"There's No Stopping Tony Scott"
"Unstoppable" Denzel Washington, Chris Pine Directed by Tony Scott
Now arriving in movie theaters around the country: "Unstoppable," the latest in a long line of slick and entertaining action thrillers from director Tony Scott (1986's "Top Gun," 1995's "Crimson Tide"). It's his second film based on a train after last year's underrated and effective remake of "The Taking of Pelham 123," only this time, the train is moving very, very fast. And the faster it goes, the more exciting the movie gets, which helps it get back on track after a slow-moving and shaky setup that's filled with overused clichés and corny dialogue.
In the heart of blue-collar Brewster, Pennsylvania, veteran train engineer Frank Barnes (Denzel Washington) is very annoyed that his new conductor, Will Colson (Chris Pine), is a much younger rookie. Barnes feels threatened by Colson, while Colson is too preoccupied with personal matters to focus on his job. But when they learn that an unmanned runaway train with hazardous material is speeding towards a heavily populated area, they put aside their differences in an effort to put the brakes on what is effectively a missile the size of a skyscraper.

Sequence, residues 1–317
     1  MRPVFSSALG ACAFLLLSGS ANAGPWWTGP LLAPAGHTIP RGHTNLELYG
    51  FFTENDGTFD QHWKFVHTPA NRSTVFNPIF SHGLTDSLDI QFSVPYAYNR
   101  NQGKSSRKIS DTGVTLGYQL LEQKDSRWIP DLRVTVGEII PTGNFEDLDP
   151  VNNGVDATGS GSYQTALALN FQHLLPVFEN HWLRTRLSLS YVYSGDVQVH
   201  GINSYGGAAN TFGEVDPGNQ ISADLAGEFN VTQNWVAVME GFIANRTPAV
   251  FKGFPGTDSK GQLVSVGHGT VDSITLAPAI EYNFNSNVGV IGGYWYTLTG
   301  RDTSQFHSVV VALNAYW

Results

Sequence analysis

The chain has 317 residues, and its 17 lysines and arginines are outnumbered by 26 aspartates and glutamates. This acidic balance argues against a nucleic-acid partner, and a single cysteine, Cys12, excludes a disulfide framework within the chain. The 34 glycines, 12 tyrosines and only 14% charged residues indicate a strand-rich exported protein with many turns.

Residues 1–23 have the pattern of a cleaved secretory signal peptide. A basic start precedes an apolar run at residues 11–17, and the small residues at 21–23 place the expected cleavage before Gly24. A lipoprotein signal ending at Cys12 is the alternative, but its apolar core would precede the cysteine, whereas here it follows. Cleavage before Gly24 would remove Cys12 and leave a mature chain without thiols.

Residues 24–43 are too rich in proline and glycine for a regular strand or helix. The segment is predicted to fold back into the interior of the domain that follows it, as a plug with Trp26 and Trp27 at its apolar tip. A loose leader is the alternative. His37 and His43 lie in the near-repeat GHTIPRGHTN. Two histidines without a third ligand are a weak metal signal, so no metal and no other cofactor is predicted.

At first, "Unstoppable" is ridden with so many clichés, it's hard to believe that the screenplay, written by Mark Bomback (2007's "Live Free or Die Hard"), was based on actual events. No doubt that some creative liberties were taken to pump up the action elements, but character development could have used some pumping up as well. As it is, the most interesting thing about Barnes is that his daughters work at Hooters, but otherwise, his conflict with Colson (who's estranged from his own family) feels contrived and uninspired.
But by the time Barnes and Colson catch up to the massive train, "Unstoppable" redeems itself with an exciting turn that will keep you on the edge of your seat for the last 40 minutes. That's also when the chemistry between actors Denzel Washington (working for the fifth time with Tony Scott) and Chris Pine (in his first feature since commanding the U.S.S. Enterprise in last year's excellent "Star Trek" reboot) becomes more engaging and defined.
So as long as you check your brain at the door before boarding "Unstoppable," then you will enjoy the ride. It's "Speed" on a train -- it starts off slow, but it gets better as it goes along. And after directing movies for almost four decades, Tony Scott proves that he still has what it takes to conduct a slick and entertaining action thriller. So, how's that for a career that is truly unstoppable?
Verdict: SEE IT!
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